My first thought upon entering the tenements was how incredibly small they were. I've been living in New York for three years now, and I'm used to small living conditions - but I was quite astounded at how many people were living in those crammed apartments. I wondered how my sense of self would develop in those cramped conditions: never having privacy and constantly being seen and heard by those around me. Would I like the sense of community? Or would I be constantly exhausted because of it? It seems that the poorer you are, the more at the mercy of the elements you are - the more wealth, the more insulated and therefore the more removed. Being poor in those tenements meant being at the mercy of life and all its elements - you are forced to give up your boundaries: personal, spatial and emotional.
What worlds blossomed inside of them in reaction to the harsh working conditions, cramped living arrangements? I am sure it was a small sweet world hiding in the twenty layers of wallpaper, in the cracked floorboards and coal dusted windows, a world that when bent, when folded unto itself, meeting itself again in a warm embrace allows for possibility in the small places that bed and give permission.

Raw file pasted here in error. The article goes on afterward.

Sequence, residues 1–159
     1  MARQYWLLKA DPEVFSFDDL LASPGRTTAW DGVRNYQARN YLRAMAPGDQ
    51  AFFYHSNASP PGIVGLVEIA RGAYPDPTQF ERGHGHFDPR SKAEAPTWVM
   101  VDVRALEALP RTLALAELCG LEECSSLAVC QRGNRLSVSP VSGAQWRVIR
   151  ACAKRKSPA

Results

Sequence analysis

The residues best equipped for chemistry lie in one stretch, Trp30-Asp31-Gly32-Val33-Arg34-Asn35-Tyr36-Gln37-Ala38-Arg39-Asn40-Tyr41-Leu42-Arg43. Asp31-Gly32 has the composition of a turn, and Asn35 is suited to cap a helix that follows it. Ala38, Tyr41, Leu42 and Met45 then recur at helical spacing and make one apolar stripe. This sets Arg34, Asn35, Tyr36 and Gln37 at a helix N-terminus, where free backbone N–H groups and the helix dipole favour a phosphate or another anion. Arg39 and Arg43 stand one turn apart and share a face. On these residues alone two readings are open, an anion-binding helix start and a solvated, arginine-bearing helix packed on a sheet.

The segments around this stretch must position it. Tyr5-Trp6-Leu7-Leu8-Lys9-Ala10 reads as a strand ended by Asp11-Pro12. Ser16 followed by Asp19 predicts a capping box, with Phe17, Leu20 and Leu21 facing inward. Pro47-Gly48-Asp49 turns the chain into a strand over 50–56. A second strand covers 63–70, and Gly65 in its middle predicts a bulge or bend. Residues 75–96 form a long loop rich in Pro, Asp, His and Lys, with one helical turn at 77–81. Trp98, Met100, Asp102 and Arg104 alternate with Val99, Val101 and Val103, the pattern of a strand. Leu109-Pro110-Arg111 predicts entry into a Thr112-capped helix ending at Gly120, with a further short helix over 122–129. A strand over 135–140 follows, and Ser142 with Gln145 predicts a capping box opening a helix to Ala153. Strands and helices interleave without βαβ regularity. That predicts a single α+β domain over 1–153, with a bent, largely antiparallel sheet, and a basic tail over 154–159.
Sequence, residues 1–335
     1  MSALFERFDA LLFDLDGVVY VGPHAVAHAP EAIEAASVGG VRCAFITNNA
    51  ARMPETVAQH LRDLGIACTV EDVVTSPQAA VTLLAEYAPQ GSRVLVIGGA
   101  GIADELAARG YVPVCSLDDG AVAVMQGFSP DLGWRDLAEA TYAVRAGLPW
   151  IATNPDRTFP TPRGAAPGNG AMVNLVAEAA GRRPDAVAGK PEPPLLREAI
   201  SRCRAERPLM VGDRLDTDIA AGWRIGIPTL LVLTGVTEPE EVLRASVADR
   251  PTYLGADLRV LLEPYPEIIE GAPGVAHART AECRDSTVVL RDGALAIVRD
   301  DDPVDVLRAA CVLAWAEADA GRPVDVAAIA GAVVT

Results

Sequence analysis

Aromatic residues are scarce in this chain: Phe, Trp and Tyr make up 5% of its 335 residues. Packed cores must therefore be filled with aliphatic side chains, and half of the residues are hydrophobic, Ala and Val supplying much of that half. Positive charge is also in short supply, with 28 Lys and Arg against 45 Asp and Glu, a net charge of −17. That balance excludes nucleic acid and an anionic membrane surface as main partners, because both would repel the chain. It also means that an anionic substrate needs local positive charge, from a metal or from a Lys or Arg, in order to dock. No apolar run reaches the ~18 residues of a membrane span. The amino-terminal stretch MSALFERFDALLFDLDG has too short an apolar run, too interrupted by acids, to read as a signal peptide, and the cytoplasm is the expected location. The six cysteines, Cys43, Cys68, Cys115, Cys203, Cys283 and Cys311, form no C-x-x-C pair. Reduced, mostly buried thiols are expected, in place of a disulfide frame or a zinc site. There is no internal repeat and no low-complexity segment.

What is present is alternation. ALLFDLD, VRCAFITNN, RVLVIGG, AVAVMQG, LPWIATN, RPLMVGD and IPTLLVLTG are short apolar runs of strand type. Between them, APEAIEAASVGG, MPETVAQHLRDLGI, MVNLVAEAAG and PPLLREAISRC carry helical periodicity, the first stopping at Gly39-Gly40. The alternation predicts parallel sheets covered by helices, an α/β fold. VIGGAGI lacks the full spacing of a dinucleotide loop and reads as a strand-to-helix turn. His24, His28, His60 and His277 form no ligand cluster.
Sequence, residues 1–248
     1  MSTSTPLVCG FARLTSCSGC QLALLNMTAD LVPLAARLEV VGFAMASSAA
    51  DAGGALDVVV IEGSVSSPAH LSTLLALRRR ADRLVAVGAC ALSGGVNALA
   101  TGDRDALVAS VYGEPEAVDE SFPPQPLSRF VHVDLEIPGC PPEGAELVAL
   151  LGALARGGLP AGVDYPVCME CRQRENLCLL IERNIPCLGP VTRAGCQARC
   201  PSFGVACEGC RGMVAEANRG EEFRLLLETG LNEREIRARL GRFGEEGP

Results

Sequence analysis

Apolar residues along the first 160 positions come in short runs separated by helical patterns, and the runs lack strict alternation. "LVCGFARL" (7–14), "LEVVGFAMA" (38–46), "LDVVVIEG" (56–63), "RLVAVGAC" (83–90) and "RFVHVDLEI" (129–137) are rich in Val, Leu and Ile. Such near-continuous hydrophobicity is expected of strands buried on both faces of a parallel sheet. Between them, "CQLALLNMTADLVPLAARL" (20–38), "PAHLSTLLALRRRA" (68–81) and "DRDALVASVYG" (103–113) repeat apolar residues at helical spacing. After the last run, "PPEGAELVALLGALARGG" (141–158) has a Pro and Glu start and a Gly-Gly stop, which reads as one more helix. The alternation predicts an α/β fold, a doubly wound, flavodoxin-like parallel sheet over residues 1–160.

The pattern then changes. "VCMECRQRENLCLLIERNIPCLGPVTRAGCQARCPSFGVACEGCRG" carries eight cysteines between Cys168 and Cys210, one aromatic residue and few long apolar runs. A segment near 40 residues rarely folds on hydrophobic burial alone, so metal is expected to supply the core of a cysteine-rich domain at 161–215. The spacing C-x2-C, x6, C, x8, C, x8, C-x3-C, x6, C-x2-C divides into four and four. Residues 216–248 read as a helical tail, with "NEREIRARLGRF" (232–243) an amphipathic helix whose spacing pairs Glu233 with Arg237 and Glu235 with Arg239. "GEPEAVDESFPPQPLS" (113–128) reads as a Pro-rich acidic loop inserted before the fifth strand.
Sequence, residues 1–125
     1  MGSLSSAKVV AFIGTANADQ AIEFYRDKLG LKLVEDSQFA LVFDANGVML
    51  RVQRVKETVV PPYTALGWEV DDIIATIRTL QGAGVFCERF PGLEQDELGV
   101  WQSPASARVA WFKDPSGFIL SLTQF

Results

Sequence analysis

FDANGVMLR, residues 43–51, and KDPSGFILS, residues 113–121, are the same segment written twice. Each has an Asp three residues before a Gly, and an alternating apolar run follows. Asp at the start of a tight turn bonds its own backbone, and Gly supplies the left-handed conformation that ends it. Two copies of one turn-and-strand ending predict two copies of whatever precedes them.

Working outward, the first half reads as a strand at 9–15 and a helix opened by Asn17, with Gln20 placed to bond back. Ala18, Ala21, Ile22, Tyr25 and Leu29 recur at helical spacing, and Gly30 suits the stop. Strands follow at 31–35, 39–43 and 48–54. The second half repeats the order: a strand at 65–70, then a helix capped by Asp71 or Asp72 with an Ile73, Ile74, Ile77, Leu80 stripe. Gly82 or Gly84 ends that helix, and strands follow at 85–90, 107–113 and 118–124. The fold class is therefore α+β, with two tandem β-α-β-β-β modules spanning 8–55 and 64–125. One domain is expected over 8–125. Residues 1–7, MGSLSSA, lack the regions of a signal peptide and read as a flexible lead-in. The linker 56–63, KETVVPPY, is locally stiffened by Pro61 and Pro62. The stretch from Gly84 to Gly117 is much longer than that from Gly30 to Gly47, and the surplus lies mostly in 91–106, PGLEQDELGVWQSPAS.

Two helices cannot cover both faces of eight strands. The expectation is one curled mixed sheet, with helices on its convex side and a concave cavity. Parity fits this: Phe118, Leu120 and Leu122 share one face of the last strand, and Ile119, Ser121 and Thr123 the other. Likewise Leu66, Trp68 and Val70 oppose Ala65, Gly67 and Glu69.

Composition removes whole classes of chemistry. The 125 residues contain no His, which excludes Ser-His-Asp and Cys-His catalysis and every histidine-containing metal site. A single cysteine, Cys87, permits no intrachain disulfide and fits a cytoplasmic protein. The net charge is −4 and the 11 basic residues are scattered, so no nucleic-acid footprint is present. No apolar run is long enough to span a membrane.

The tour also made me realize how a riot could easily emerge from this cramped, tough existence - with over two thousand people living on a small city block, unrest would be commonplace and it probably wouldn't take much to incite people to action.
It also made me think about my great grandfather, Solomon Moses, who came to the States when he was 16 years old, completely alone and not speaking a word of English - how those tenements were populated by people just like him and how I am not that far removed from his story and ultimately all of those who lived in the tenements. I think it's important for all of us to remember that we are a country of immigrants and need to be more tolerant of those trying to seek a better life here in America.
This reminds me of the ending quote in Don Lee's wonderful book, Country of Origin:
As they passed under the Golden Gate Bridge, Lisa imagined what her mother must have been feeling right then, seeing the United States for the very first time. A land where all was possible, where truth prevailed, goodness was rewarded, and beauty could be found in the meeting of outcasts. Oh, what a sight, Lisa marveled.We are orphans, all of us, she thought. And this is our home.
- Jennifer Moses, Cast Member